Cruz v. Central Jersey Landscaping, Inc.
195 N.J. 33 (2007)
Decided June 9, 2008
The New Jersey Supreme court, in reversing the Appellate Division, held that the 2004 amendment to N.J.S.A. 34:15-13 which sets dependency benefits at a uniform 70% of the decedent’s wages for one or more dependents is to be applied prospectively to cover only those claims where the worker’s death was on or after January 14, 2004.
Kibble v. Weeks Dredging & Construction Co. ,
161 N.J. 178 (1999)
Decided March 30, 2000
The Supreme Court reversed and remanded the decision of the Appellate Division and found that acceptance of a Section 20 (N.J.S.A. 35:15-20) settlement by petitioner alone does not bar dependents from filing a claim after the death of the petitioner. The Court determined that a dependent must knowingly, intelligently and voluntarily waive his or her right to future dependency claim at the time the Section 20 settlement is entered for such a waiver to be effective.
NJ Superior Court – Appellate Division
Harrison v. A & J Friedman Supply Co.
372 N.J. Super. 326 (App. Div. 2004)
Decided October 12, 2004
The Appellate Division reversed the decision of the workers’ compensation judge to summarily deny a commutation of dependency benefits the petitioner was receiving as a result of her husband’s work-related death in 1992. The Appellate Division held that the absolute bar created by N.J.A.C. 12:235-6.3(d) against commutations in particular cases is invalid since N.J.S.A. 34:15-25 allows a judge the discretion to grant commutations of compensation payments in appropriate circumstances, without completely barring such awards in dependency situations. Remanded for hearings on the application for commutation.
Division Reserved Decisions
Karak v. E.I. DuPont
95-14893, decided February 16, 2006 by the Honorable Richard E. Hickey, III, J.W.C. On remand, the sole issue before the judge was whether three co-employees of the petitioner’s deceased husband committed medical malpractice in the course of their work for the DuPont Employee Assistance Program (EAP). After weighing expert opinions and the medical evidence, the judge found that the death of the petitioner’s husband was not the result of a deviation from the appropriate standard of medical care by the DuPont EAP staff.
Stark v. XFL
01-30300, 02-18670; 22899; 35572 decided July 23, 2004 by the Hon. Cosmo A. Giovinazzi, III, J.W.C.
The issue was whether the January 14, 2004 amendments to N.J.S.A. 34:15-13 applied retroactively to this dependency case or should be applied prospectively to only those dependency claims that accrued on or after the effective date of the statutory amendments. As amended, this statute now provides that, in compensable death cases, benefits are computed based on 70% of wages for one or more dependents (whereas before the amendment, benefits were computed at 70% of wages only where there were five or more dependents surviving the deceased employee). After comparing the wording of proposed bills with the wording of the legislation finally enacted, the judge concluded that the Legislature intended that the amendments to Section 13 be applied retroactively to dependency cases pending on the date of enactment, as well as to dependency claims accruing on or after the date of enactment.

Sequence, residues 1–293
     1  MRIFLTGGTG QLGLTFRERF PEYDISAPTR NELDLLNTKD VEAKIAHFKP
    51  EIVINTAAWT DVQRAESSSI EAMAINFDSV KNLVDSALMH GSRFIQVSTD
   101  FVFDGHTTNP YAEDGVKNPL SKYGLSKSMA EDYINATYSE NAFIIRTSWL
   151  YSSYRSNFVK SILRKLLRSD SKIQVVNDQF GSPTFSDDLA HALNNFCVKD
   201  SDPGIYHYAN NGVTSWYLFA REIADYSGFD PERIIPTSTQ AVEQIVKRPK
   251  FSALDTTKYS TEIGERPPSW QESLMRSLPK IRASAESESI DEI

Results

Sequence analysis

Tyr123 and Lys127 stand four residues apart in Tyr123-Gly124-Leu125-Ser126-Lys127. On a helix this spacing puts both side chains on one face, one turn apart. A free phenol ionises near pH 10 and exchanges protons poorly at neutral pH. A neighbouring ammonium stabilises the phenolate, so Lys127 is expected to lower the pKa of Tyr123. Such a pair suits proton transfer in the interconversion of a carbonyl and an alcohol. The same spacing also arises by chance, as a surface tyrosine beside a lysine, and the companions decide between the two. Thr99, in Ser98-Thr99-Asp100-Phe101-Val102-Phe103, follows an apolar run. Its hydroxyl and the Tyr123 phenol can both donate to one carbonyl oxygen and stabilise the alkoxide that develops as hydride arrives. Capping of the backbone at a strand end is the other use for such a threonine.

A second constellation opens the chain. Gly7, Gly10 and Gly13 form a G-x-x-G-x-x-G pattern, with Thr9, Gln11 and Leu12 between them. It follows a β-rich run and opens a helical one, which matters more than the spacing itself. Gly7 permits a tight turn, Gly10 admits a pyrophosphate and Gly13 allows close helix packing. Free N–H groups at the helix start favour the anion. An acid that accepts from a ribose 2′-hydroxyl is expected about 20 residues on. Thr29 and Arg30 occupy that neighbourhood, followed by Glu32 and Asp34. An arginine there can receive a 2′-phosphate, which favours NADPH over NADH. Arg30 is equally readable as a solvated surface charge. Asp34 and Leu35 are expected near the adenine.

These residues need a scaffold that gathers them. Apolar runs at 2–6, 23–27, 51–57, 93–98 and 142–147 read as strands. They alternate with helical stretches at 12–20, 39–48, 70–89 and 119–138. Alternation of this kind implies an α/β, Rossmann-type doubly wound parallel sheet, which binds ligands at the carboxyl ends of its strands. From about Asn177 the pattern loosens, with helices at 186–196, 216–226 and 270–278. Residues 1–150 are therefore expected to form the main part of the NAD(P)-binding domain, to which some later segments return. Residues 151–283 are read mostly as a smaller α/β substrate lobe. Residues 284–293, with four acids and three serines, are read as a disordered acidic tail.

Ciriello v. Babcock and Wilcox
01-15035, decided June 4, 2003 by the Honorable Arnold B. Goldman, J.W.C.
Dependency claim by widow asserted that petitioner’s death was due in part to complications arising from an existing work-related pulmonary condition. However, the judge found that this condition was not a material cause of the petitioner’s death, accepting respondent’s medical expert as more credible than petitioner’s treating doctor in identifying the causal factors that led to the petitioner’s death. The claim was dismissed with prejudice.
Lemmon v. Exxon Company U.S.A.
98-14498, 98-14506, decided April 22, 2002 by the Honorable Joshua Friedman, J.W.C.
In this lifetime and dependency case there had been a prior award to the deceased petitioner for pulmonary asbestosis. In finding that the prior award established asbestos exposure and that decedent’s lung cancer was related to that exposure, the workers’ compensation judge awarded both lifetime and dependency benefits.
Johnson v. Griffin Pipe
93-861, decided September 17, 2001 by the Honorable Matthew W. Parks, J.W.C.
Through a widow’s testimony of her husband’s daily return from work with dust over his clothing and a medical expert’s ability to link dust exposure to pulmonary disease and death, dependency benefits awarded.
Govern v. Harris Structural Steel
94-33446, decided June 27, 2000 by the Honorable Lawrence G. Moncher, J.W.C.
Petitioner sought dependency benefits as a result of her husband’s death from lung cancer. The workers’ compensation judge dismissed the claim finding that petitioner had not met her burden to show that the substances which she claimed decedent was exposed to were a known or suspected cause of cancer.
Travisco / Westcott v. Middlesex County Department of Human Services
96-47075, 96-47106, decided June 9, 2000 by the Honorable Neale F. Hooley, J.W.C.
In this dependency case, the record established that the decedent submitted to a physical examination in the course of his employment during which a chest x-ray indicated a “spot” that was later diagnosed as a cancerous growth. Since respondent failed to inform the decedent of the growth, the judge found that the dependent and a compensable claim and awarded dependency benefits.